Lonesome Jim Review

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Failing to make it on his own, 27-year-old Jim moves back in with his parents and deals with crippling family obligations.

★★★★★

Steve Buscemi’s third feature got a US release in 2005, where it was overshadowed by the similar Garden State; holding back in the UK now allows this smaller film the chance to be appreciated in its own right.

Each film may be about young men returning to estranged families, but Jim is a more difficult pill to swallow than Zach Braff’s Andrew Largeman; he measures his own misery against his uniformly suicidal heroes, treats his well-meaning mother appallingly, and doesn’t recognise a great thing when it lays him (Liv Tyler).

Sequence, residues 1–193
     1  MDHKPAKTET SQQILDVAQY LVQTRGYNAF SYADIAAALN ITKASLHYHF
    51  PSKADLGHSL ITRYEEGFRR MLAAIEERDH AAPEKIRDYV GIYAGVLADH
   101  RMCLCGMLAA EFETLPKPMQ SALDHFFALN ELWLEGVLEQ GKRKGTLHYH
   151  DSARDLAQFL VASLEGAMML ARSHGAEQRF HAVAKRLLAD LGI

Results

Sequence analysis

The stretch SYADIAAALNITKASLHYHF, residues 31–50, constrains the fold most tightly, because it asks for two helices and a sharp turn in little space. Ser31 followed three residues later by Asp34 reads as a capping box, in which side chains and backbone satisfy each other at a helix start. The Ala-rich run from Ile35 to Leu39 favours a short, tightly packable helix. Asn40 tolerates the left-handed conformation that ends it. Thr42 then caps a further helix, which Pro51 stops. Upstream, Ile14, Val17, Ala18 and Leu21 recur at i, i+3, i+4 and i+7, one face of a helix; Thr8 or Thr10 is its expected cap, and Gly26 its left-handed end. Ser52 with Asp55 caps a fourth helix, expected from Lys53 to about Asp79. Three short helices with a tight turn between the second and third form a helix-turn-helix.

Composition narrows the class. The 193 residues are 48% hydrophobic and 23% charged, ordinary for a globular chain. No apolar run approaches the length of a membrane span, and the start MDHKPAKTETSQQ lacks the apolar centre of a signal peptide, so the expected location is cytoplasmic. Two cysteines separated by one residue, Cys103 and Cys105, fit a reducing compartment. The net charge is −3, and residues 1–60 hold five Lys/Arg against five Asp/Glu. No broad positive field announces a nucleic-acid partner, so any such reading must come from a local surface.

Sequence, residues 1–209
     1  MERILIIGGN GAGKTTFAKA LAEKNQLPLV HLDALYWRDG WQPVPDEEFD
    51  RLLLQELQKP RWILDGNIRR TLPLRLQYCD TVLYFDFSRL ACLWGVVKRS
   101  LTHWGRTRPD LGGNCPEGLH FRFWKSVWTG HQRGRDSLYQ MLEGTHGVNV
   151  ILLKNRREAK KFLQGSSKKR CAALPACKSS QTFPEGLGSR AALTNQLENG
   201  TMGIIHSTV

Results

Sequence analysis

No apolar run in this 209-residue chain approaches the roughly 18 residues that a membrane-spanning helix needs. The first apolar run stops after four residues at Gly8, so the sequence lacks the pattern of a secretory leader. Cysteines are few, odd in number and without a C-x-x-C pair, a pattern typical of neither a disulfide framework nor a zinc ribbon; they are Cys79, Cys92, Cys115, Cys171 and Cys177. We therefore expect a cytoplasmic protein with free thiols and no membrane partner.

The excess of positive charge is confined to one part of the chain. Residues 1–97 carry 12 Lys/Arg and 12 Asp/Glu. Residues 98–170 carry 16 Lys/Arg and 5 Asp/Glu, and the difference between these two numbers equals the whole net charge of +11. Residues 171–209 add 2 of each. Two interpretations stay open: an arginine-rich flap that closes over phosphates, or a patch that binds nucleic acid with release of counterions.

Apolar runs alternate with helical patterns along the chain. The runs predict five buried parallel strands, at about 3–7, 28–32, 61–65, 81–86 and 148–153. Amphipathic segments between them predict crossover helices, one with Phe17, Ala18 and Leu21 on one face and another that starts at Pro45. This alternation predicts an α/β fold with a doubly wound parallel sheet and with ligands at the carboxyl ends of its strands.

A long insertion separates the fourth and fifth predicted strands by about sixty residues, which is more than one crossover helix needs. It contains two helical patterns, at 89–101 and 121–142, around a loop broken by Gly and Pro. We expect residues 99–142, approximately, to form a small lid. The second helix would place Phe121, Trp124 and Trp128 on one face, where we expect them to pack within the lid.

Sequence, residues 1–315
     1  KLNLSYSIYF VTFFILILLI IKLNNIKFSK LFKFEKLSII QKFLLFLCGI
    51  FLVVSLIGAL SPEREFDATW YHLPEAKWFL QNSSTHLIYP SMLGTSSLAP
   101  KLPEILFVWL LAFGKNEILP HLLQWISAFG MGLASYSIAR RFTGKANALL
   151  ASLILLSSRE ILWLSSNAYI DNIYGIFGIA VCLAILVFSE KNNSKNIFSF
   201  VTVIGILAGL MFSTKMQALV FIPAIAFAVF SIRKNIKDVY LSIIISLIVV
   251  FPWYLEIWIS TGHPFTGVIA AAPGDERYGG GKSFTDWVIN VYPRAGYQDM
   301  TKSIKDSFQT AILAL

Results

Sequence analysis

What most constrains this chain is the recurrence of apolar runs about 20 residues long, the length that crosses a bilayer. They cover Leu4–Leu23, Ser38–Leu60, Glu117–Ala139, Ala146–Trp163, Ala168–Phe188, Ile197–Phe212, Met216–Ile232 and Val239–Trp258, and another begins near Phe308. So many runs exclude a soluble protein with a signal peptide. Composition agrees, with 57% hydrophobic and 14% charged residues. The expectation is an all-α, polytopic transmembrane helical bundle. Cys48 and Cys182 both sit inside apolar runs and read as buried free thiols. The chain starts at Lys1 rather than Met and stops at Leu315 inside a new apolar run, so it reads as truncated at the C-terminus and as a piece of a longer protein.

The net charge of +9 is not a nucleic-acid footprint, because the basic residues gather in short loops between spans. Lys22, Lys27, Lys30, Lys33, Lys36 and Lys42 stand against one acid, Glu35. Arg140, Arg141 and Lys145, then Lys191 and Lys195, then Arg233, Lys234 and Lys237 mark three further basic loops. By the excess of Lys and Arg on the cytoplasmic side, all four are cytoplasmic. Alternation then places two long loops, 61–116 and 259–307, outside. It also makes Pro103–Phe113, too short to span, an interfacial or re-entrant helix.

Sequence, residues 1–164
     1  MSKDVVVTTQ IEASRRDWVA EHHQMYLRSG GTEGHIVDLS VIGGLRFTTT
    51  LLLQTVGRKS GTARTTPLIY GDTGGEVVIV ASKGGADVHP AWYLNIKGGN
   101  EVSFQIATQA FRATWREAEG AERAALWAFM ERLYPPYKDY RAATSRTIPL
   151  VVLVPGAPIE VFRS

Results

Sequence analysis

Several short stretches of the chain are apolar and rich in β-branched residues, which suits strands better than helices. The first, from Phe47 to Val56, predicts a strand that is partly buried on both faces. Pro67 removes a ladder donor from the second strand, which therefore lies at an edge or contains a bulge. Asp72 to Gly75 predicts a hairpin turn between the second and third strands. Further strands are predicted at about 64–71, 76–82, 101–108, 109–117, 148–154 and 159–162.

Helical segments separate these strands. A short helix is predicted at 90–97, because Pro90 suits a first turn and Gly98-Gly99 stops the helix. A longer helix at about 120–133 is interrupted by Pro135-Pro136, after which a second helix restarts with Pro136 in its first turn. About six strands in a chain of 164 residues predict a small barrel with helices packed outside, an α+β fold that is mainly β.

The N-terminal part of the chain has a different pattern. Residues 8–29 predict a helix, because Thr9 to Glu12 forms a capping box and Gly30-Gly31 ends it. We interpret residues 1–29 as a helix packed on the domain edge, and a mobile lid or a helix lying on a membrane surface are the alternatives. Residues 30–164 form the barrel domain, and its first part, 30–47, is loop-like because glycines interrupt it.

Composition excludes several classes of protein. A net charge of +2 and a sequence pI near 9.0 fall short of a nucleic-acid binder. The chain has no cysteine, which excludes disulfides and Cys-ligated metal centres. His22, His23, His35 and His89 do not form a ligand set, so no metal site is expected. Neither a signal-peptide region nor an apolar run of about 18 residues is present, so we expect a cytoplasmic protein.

Buscemi draws dark humour from each dour situation, but by the last act even hardened indie fans will want to shake some sense into Jim’s impossible head.

Buscemi draws dark humour from each dour situation, but by the last act even hardened indie fans will want to shake some sense into Jim’s impossible head.